|Publication number||US6571134 B1|
|Application number||US 09/622,512|
|Publication date||May 27, 2003|
|Filing date||Feb 8, 1999|
|Priority date||Feb 18, 1998|
|Also published as||DE19980248B4, DE19980248D2, WO1999042232A2, WO1999042232A3|
|Publication number||09622512, 622512, PCT/1999/336, PCT/DE/1999/000336, PCT/DE/1999/00336, PCT/DE/99/000336, PCT/DE/99/00336, PCT/DE1999/000336, PCT/DE1999/00336, PCT/DE1999000336, PCT/DE199900336, PCT/DE99/000336, PCT/DE99/00336, PCT/DE99000336, PCT/DE9900336, US 6571134 B1, US 6571134B1, US-B1-6571134, US6571134 B1, US6571134B1|
|Inventors||Otto Gramckow, Peter Protzel, Lars Kindermann, Friedemann Schmid|
|Original Assignee||Siemens Aktiengesellschaft|
|Export Citation||BiBTeX, EndNote, RefMan|
|Patent Citations (12), Non-Patent Citations (3), Referenced by (3), Classifications (15), Legal Events (5)|
|External Links: USPTO, USPTO Assignment, Espacenet|
The present invention relates to a method and a device for determining an intermediary profile of a metal strip between an upstream and a downstream roll stand in a mill train.
In steel and aluminum manufacturing, optimization of the rolling process has a significant role both regarding the possible quality improvements and regarding cost reduction potential.
One important function of the process control of a mill train is determining the setting of the system for the next metal strip as accurately as possible before the strip enters the mill train. The process control is based on a series of models, which should describe the technological process taking place in the mill train as accurately as possible. This description is made difficult by the complexity of the process, which is affected by many non-linear influences and by changes in the process conditions over time.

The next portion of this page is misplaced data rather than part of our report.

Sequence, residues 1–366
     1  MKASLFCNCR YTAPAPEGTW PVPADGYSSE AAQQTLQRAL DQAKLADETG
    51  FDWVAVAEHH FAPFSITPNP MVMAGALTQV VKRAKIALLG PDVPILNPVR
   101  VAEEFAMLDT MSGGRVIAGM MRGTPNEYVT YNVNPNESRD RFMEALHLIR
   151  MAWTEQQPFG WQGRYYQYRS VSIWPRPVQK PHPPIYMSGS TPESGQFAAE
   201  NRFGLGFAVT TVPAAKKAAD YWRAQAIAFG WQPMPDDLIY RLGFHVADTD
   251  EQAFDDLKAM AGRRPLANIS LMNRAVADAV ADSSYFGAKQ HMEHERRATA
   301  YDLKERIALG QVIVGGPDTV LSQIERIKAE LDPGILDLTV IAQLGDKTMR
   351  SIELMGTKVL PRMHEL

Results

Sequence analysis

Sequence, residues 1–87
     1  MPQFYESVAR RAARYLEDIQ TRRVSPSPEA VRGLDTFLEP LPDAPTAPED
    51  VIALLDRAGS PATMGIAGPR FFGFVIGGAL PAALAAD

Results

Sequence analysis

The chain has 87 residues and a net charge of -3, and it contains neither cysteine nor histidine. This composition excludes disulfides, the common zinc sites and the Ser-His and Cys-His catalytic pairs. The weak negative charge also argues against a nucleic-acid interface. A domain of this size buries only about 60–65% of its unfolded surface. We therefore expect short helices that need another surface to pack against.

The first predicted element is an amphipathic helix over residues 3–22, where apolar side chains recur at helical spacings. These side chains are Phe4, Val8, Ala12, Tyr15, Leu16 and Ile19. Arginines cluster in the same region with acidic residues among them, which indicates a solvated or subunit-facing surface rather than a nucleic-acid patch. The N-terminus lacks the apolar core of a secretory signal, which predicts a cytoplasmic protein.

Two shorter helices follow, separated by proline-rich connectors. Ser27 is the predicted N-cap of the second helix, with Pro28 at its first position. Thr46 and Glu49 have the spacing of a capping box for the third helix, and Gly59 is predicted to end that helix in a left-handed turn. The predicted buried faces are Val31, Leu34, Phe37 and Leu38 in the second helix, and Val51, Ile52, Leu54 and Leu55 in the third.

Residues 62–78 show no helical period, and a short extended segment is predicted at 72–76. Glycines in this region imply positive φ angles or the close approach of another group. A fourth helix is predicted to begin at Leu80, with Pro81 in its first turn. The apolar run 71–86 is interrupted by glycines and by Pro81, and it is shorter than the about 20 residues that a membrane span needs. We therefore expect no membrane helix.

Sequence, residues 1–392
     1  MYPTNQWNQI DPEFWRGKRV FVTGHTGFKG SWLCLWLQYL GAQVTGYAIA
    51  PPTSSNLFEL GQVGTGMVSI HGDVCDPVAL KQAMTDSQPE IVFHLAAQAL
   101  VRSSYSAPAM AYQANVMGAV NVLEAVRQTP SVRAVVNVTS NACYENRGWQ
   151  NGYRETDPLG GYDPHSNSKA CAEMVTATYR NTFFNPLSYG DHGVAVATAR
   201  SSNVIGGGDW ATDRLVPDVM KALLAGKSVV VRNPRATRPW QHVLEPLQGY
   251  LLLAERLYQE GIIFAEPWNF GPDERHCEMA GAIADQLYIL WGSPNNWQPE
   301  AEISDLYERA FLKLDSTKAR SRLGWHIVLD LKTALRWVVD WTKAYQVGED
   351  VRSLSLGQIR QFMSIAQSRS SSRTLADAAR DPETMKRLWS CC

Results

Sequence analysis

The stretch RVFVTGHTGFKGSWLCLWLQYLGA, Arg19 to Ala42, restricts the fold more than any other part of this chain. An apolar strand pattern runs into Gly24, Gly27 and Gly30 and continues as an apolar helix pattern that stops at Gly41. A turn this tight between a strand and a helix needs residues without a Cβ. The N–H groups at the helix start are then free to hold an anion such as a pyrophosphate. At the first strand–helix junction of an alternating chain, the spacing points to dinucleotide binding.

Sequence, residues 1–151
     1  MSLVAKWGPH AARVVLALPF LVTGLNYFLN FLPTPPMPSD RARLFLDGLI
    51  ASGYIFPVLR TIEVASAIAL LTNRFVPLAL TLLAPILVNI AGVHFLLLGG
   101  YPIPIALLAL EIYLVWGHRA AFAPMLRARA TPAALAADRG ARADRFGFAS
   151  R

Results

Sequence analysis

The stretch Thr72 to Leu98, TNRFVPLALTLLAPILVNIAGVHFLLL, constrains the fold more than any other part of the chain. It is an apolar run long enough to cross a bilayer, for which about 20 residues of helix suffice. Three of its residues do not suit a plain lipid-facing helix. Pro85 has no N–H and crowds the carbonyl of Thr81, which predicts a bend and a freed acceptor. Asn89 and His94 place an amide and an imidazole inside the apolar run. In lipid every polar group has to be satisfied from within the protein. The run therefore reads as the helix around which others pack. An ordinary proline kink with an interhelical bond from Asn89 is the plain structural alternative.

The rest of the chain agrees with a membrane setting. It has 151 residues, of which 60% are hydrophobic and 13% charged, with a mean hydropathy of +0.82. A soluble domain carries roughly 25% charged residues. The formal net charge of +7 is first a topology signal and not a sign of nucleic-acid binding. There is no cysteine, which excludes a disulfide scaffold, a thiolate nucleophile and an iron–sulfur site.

The profile of the metal strip is an important quality criterion for its geometry after leaving the mill train. In the simplest case the profile is defined as the difference in thickness between the center and the edges of a metal strip. During the entire rolling process the profile of the strip entering a roll stand changes from one roll stand to the other. Since measuring the profile of the metal strip is complicated and costly, it is usually not measured until the end of the mill train and compared to the prediction of the model. Conventionally, in order to determine the profile (p1) of a metal strip downstream from the individual roll stands and thus ultimately the final profile, the following equation has been used repeatedly
In this equation ki is calculated according to the article “High Accuracy and Rapid-Response Hot Strip Mill,” TECHNO Japan Vol. 20, No. 9, September 1987, pp. 54-59 using the formula
profile of the metal strip upstream from the roll
thickness of the metal strip upstream from the roll
thickness of the metal strip downstream from the
work roll gap profile
work roll diameter
width of the metal strip
The disadvantage here is that the equations for determining ki and xi apply only approximately. In addition, model parameters ci1 and ci2 are unknown and must be determined experimentally. This often results in insufficient determination of the final thickness profile.
This fact leads to the use of additional heuristic models. Experiments with adaptive neural networks have shown that these are capable of predicting the final profile in one step considerably more accurately than analytical models. Thus German Patent Application 196 42 918 describes a system for calculating the final profile of the metal strip, where selected parameters are determined using information processing based on neural networks.